Summary: Self-Denial, Cross-bearing and Obedience are the central elements of being a disciple of Jesus Christ.
At this time of year, most people have completed their holidays and are back focusing on work. Were your holiday’s what you expected?
The following are actual responses from comment cards given to the staff members at Bridger Wilderness Area in NW Wyoming.
-Trails need to be reconstructed. Please avoid building trails that go uphill.
-Too many bugs and leeches and spiders and spider webs. Please spray the wilderness to rid the areas of these pests.
-Please pave the trails…Chair lifts need to be in some places so that we can get to wonderful views without having to hike to them.
-The coyotes made too much noise last night and kept me awake. Please eradicate these annoying animals.
-A small deer came into my camp and stole my jar of pickles. Is there a way I can get reimbursed? Please call…
-Escalators would help on steep uphill sections.
-Too many rocks in the mountains.
Citation: Mike Neifert, Light and Life (February 1997), p. 27
These comments and complaints indicate that the people who made them did not really understand what it means to stay in a "wilderness area." They were looking for something convenient and comfortable, but not truly a wilderness experience. In a similar way, many people today do not understand what it means to be a genuine Christian, a true disciple of Jesus Christ. There are multitudes that often follow Jesus or claim to be a Christian but they do so on their terms and not his. They do not truly comprehend the biblical definition of discipleship.
Please turn to Luke 14
The High Calling of Christ is rooted in Christian discipleship. This presupposes one is born again, repented of sin, believes in the Lord Jesus Christ and is abiding in Him. The term "disciples" occurs 269 times in the New Testament, while the term "Christian" only occurs 3 times. In the Book of Acts we’re told that:
Acts 11:26b in Antioch the disciples were first called Christians. (ESV)
Lk 14:25-26 shows the background of who Christ was addressing in Mt. 14. Jesus elaborated on being a disciple:
Luke 14:25-35 Now great crowds accompanied him, and he turned and said to them, "If anyone comes to me and does not hate his own father and mother and wife and children and brothers and sisters, yes, and even his own life, he cannot be my disciple. Whoever does not bear his own cross and come after me cannot be my disciple.
Jesus was not talking to those who were antagonistic towards him or to those who were uninterested in his life and message. No, these were people who were "traveling with the Jesus." There are positive in their attitude toward Jesus. They were interested in what he had to say. They apparently mistook this positive attitude and interest in Jesus for true discipleship, as many people do today. They considered themselves to be followers of Jesus but in reality they were only casual followers and not committed followers.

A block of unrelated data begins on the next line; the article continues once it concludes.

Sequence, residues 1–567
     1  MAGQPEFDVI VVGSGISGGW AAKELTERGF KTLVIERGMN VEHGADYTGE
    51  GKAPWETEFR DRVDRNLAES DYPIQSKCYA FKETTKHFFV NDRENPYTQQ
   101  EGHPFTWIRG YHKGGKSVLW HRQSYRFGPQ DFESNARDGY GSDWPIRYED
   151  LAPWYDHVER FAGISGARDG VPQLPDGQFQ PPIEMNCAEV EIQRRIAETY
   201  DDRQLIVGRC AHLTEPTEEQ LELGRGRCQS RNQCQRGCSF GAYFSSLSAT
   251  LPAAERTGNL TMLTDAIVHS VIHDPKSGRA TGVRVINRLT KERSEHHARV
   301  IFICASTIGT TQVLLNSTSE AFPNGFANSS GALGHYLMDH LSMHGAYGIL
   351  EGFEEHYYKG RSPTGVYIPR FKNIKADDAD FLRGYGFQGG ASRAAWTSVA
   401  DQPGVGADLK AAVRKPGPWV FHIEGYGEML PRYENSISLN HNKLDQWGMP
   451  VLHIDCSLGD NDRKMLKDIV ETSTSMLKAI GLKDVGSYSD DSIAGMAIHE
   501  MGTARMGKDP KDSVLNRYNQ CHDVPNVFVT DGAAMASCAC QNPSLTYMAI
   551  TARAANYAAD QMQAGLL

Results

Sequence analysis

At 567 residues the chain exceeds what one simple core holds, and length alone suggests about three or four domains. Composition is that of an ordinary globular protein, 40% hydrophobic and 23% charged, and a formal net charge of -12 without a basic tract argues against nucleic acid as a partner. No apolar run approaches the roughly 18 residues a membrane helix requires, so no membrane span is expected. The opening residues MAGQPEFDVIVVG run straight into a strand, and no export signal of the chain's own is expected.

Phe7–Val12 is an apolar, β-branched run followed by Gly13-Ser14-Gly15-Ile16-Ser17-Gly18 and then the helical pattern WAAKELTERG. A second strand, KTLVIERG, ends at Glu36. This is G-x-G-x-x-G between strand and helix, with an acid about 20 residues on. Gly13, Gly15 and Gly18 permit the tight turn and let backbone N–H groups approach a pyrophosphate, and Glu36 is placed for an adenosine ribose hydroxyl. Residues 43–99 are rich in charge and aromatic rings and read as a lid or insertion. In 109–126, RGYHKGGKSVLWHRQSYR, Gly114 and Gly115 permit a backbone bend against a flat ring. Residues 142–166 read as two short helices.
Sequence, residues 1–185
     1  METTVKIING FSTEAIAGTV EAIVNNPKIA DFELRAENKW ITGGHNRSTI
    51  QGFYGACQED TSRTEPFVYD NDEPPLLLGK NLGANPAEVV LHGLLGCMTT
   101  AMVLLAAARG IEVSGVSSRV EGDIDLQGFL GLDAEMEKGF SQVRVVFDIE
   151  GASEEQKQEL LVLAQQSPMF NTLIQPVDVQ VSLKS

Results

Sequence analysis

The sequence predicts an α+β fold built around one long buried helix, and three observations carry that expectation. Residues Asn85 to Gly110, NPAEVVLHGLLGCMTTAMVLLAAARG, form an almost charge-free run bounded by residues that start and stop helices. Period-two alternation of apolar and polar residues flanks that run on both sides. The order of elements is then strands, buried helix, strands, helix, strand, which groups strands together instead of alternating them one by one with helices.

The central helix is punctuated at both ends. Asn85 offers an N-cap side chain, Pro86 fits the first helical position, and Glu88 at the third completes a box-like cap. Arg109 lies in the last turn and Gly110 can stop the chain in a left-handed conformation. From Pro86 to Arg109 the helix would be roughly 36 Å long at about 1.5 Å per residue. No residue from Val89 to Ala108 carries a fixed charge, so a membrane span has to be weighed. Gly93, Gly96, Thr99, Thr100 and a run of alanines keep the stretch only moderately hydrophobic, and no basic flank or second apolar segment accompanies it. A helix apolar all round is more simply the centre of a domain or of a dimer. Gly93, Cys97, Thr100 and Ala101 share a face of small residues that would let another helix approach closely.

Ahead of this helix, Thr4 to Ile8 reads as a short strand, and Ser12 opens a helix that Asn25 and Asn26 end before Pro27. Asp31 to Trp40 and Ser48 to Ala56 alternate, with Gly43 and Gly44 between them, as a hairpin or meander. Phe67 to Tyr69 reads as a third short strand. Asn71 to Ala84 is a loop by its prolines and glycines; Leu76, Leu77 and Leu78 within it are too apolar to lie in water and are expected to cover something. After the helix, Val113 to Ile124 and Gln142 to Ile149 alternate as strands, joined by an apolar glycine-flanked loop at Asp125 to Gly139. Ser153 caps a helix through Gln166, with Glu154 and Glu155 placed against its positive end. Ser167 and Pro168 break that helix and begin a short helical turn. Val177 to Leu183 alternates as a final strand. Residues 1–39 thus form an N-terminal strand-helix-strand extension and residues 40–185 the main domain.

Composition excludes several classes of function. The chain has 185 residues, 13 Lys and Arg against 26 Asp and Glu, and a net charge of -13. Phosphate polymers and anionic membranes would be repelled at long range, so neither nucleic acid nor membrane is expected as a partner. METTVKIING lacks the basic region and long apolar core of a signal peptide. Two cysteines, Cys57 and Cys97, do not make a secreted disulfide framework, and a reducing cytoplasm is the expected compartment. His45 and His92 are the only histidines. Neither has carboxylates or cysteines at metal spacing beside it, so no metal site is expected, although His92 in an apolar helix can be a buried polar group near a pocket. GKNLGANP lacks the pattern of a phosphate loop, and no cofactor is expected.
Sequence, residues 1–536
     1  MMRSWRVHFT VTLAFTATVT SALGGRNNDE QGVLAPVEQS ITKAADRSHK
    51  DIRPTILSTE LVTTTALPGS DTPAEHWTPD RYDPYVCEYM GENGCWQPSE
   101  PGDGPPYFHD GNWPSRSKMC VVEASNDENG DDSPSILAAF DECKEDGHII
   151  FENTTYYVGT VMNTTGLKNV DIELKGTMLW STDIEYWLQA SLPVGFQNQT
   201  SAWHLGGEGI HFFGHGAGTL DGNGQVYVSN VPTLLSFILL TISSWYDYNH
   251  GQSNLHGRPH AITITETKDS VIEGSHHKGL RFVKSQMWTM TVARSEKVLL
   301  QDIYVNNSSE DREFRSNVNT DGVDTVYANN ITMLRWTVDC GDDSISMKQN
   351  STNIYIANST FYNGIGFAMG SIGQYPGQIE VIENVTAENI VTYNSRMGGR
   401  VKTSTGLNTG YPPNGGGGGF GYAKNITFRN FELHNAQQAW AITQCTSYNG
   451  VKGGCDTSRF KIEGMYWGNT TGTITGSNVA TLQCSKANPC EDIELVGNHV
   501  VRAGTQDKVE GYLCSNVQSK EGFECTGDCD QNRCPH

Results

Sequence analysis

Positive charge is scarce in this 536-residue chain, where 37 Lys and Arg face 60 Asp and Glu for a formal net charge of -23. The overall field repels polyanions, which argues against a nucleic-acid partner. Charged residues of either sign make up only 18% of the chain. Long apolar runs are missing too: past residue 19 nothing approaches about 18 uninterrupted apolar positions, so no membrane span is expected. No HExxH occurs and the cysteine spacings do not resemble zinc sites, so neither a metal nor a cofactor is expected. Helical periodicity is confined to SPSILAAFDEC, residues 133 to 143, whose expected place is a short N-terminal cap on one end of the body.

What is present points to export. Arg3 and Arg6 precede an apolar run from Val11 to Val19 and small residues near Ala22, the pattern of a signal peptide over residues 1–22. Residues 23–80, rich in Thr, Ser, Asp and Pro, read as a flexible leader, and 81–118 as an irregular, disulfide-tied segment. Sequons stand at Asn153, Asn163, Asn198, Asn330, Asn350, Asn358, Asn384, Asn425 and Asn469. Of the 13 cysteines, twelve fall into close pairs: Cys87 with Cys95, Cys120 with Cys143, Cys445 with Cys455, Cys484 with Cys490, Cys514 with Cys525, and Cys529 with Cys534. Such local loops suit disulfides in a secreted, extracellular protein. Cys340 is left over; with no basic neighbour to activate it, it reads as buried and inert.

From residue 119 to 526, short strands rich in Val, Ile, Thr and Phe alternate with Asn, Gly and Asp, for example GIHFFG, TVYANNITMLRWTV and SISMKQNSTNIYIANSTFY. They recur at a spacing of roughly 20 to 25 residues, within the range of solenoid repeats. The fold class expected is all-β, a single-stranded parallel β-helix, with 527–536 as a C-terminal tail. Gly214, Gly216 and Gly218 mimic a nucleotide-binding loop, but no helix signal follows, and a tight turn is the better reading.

They were willing and even anxious to follow Jesus providing the cost was not to high or the demands too great. They were like many people today who do "Christian things" like go to church, pray, sing Christian songs, etc. but are not really committed to Jesus. In a sense they were “along for the ride” but were unwilling to give up everything in their lives that conflicted with following Jesus in a committed way. They were like many today who look to Jesus to solve their money problems, relationship problems, health problems, etc. but who quickly grow disillusioned and unwilling to obey Jesus completely when following Jesus doesn’t solve these problems or following Jesus requires real sacrifices in their lives. These "large crowds" were casual followers and not committed followers, which are you?
In verse 26 Jesus says that this commitment level applies to "anyone who comes to me. . ." In other words, Jesus is not speaking exclusively to a special group of Christians such as apostles, evangelists, missionaries, pastors, or even mature believers. He is saying that this principle applies to everyone who would be one of his followers.
Jesus goes on to say, "Anyone who comes to me and does not hate his father, mother, his wife and children, his brothers and sisters,-yes, even his own life cannot be my disciple." Now the word "hate" here is not meant to be taken literally but is rather used figuratively to express a point. It is hyperbole or exaggeration similar to what we use when we say, "That man was as big as a house. . ." In Jewish culture the word "hate" was used to express lesser love, so Jesus is saying that we must love him much more that we love our closest family relationships or even our own lives. We must love him more than our hobbies, more than our goals in life, more than our careers, and more that our self interest.